The Association of American Medical Colleges is a not-for-profit association representing all 141 accredited U.S. and 17 accredited Canadian medical schools; nearly 400 major teaching hospitals and health systems, including 51 Department of Veterans Affairs medical centers; and nearly 90 academic and scientific societies. Through these institutions and organizations, the AAMC represents 128,000 faculty members, 75,000 medical students, and 110,000 resident physicians.

Oct 112013

A void in mental health providers now qualifies 58 of North Carolina’s 100 counties as Health Professional Shortage Areas, according to federal guidelines. The effects of this shortage are far-reaching:

For patients, there are long lines and limited access to psychiatric counsel.

For the (mostly rural) hospitals navigating these at-risk patients – usually through their emergency departments, due to lack of local mental health facilities – the shortage means a less efficient, more expensive business to manage.

For ECU, a school dedicated to increasing health care access across our state, this shortage signaled something else. An opportunity to make a difference.

Telepsychiatry uses real time, two-way interactive video and audio connections to connect patients with physicians located remotely. The Brody School of Medicine’s innovative approach to telepsychiatry has already begun increasing delivery of care and decreasing costs for some of eastern North Carolina’s most vulnerable hospitals.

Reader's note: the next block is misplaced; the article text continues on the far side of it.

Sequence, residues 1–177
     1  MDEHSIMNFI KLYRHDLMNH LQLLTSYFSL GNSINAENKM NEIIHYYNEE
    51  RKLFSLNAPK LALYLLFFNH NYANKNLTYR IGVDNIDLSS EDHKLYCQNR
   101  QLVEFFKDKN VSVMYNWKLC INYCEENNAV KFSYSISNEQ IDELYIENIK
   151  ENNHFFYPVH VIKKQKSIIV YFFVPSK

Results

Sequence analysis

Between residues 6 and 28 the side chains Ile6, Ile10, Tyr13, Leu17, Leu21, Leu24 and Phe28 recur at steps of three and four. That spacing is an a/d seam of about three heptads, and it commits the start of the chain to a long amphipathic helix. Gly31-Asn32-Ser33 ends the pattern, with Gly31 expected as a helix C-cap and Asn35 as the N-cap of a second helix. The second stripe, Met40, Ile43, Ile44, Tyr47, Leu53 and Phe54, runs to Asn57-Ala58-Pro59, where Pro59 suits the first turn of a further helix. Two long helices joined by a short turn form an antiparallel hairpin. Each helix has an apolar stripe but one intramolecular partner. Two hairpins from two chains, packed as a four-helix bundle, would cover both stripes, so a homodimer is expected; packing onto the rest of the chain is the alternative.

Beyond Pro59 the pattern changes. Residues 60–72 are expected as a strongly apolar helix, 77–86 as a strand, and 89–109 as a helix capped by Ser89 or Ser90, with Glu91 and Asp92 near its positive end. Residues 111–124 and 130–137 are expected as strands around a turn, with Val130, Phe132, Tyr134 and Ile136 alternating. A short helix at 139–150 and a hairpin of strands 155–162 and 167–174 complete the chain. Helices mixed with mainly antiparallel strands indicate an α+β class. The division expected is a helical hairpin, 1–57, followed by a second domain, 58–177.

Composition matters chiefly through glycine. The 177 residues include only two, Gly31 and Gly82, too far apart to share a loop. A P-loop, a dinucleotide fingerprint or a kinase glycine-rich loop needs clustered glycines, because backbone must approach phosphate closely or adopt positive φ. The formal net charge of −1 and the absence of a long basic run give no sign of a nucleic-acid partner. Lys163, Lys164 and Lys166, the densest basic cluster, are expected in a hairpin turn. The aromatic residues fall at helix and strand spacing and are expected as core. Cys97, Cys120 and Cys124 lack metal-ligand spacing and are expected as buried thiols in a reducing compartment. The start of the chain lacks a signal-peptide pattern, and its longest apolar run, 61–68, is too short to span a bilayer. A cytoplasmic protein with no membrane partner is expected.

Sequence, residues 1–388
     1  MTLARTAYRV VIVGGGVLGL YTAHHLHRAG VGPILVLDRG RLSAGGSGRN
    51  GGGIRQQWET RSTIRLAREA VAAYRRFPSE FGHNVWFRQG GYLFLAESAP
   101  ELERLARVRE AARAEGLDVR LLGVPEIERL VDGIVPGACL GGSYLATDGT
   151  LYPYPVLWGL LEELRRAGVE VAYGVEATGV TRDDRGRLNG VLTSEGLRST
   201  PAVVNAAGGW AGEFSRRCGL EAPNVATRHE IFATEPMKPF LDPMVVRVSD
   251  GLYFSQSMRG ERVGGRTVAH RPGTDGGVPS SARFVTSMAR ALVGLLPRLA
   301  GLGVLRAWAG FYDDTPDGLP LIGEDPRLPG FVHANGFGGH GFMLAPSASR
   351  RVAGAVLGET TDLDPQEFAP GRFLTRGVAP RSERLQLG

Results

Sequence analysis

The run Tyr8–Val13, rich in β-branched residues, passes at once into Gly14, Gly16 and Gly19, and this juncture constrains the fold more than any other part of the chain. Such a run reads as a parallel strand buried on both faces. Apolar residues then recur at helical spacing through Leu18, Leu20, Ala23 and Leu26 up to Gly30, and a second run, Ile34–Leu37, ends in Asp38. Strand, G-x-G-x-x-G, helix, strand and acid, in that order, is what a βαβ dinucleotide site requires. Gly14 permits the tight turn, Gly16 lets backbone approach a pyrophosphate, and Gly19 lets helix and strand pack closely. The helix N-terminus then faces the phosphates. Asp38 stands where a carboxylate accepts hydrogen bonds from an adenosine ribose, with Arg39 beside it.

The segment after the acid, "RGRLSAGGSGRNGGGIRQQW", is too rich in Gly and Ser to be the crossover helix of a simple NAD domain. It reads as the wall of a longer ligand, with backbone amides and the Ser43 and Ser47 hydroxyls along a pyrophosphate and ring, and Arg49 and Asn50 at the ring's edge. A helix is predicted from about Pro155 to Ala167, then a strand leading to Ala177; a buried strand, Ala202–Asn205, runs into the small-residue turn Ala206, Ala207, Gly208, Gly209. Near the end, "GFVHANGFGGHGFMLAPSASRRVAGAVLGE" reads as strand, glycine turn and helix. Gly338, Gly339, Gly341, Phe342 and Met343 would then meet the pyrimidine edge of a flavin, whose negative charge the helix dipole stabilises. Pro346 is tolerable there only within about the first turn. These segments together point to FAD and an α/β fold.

Beginning in January, up to 80 more hospitals across the state will benefit from our telepsychiatry model, thanks to the General Assembly’s recent measure to expand the program to underserved hospitals statewide. This announcement, made official by Gov. Pat McCrory’s visit to our campus, is big – for both North Carolina and ECU – for many reasons.   

Why we need it: The percentage of people admitted to hospital emergency departments in North Carolina with mental health issues is nearly double the national average – and that doesn’t even include substance abuse-related cases. Again, more than half of our state’s counties lack sufficient mental health resources (in fact, a majority of the state’s hospitals lack access to a full time psychiatrist). In a nutshell: as long as North Carolina’s growing demand for mental health services far exceeds supply, wait times and costs will continue to soar as efficiency and quality of care plummet.